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William Graham Sumner

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William Graham Sumner was born in Patterson, New Jersey on October 30th, 1940. He grew up in Hartford, Connecticut with his sturdy, working-class, English immigrant father and his English wife. As a youth he relished in critical thinking. He inherited his father’s strict financial views and by young adulthood had saved enough money to enroll in Yale University. There he was educated in the classics and graduated Phi Beta Kappa in 1863. While at Yale, he was also a member of the Skull & Bones, a secret society of prominent outstanding young men which in the past years has also been home to our beloved George W. Bush.

After graduation, Sumner traveled to Europe to delve further into theological studies at Oxford University. There he learned methods of deduction and investigation as well as biblical criticism until 1866 when he returned home and back to Yale to study mathematics, Greek and philosophy. Once again he left Yale in 1869 to accept a position in Morristown, New Jersey at the Church of the Redeemer. It did not take Sumner long to see that his faith and theology did not coexist without conflict and he had chose the wrong path for his career. In 1871, before returning to Yale to become a professor of political and social sciences, he married Jeannie Elliot with whom he had three sons. With his return to Yale, he became involved in the “Young Yale” movement which opposed classic classroom recitations.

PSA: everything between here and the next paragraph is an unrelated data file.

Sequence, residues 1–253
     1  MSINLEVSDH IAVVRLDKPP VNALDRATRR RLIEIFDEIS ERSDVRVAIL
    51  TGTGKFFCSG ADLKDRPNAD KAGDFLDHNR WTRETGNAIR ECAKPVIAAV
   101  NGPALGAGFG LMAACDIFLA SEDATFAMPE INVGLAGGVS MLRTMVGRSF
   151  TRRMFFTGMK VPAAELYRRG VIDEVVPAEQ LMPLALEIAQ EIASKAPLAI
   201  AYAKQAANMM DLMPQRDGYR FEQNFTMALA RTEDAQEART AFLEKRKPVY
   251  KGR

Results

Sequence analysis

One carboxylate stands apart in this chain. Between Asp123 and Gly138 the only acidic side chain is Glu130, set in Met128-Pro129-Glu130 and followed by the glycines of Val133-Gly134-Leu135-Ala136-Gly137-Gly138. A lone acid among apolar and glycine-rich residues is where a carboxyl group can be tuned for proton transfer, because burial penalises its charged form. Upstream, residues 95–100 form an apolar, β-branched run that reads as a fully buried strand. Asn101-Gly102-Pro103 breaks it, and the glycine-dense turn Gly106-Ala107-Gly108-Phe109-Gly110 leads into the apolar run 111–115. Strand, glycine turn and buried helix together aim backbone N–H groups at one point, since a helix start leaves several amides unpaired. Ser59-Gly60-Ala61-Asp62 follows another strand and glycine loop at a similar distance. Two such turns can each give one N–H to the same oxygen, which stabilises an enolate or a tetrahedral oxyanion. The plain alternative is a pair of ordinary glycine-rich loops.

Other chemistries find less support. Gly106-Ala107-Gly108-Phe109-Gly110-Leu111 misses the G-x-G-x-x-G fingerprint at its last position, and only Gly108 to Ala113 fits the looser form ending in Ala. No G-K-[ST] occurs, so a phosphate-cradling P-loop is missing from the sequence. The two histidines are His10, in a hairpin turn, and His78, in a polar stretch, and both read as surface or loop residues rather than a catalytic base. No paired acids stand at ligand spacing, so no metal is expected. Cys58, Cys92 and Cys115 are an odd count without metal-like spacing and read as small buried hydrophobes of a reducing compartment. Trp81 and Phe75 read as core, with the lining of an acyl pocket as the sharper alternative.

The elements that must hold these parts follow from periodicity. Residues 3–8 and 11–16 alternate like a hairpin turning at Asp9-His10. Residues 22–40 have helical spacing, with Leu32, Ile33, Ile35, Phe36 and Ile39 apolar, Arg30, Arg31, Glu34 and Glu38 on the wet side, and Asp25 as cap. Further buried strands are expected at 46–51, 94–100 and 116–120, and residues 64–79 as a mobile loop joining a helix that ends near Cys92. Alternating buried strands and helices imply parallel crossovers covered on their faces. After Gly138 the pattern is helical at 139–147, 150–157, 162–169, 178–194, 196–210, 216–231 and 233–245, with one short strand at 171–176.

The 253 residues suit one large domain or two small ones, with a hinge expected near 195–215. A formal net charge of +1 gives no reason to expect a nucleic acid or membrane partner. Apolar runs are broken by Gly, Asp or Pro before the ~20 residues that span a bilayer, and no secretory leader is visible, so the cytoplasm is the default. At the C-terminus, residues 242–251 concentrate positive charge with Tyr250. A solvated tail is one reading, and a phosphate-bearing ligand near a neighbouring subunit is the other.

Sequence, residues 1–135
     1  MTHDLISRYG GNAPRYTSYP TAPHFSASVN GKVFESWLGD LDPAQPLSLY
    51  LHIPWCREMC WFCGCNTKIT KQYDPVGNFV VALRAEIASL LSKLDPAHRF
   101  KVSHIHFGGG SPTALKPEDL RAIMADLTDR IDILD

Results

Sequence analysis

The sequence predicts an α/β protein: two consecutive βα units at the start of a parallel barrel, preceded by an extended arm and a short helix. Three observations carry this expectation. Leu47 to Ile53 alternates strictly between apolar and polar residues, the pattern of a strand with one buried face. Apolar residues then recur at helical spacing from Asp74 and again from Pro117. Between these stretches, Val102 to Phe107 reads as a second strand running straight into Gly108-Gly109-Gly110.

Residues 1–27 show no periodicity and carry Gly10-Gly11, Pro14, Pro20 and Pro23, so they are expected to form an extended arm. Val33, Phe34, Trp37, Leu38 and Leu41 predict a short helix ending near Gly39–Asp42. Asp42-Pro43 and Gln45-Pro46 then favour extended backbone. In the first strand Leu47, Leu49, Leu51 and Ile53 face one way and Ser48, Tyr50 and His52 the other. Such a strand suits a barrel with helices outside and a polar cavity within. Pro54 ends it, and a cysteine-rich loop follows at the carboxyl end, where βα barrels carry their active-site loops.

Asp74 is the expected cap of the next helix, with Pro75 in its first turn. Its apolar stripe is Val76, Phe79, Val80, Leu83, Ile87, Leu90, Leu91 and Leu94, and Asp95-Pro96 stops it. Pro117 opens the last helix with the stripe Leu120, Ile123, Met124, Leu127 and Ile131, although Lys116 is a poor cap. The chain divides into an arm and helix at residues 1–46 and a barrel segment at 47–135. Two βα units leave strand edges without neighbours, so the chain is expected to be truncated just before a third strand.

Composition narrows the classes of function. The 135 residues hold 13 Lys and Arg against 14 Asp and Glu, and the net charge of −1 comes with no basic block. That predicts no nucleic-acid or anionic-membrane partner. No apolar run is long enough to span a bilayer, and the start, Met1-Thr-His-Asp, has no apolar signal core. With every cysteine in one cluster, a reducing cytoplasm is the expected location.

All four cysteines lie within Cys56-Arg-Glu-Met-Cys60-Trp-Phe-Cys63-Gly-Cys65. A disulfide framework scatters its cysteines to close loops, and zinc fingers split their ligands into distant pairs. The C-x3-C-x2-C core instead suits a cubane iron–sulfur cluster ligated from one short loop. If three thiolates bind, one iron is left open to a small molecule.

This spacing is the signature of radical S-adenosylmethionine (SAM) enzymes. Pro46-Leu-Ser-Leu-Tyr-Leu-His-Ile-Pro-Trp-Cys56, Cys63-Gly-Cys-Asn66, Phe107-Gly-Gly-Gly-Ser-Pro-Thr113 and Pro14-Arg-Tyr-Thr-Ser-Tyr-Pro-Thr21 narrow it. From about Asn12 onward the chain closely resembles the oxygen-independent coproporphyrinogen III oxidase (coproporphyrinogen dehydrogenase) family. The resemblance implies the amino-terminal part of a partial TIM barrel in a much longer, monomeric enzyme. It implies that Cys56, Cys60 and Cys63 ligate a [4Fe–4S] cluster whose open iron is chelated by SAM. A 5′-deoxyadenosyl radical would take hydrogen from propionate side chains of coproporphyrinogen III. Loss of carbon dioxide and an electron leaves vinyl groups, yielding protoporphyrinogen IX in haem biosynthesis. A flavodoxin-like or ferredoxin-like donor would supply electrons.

During the 1870’s Sumner was introduced to Herbert Spencer’s social Darwinism logic. Though he agreed with most everything Spencer had to say, he did disagree that evolution produced progress. Sumner was criticized by Yale president Noah Porter for the use of Herbert Spencer’s Study of Sociology as a classroom text. He did agree to use other texts, but this conflict brought much fame and recognition to Sumner. As a sociologist he developed the concepts of diffusion, folkways, mores, and

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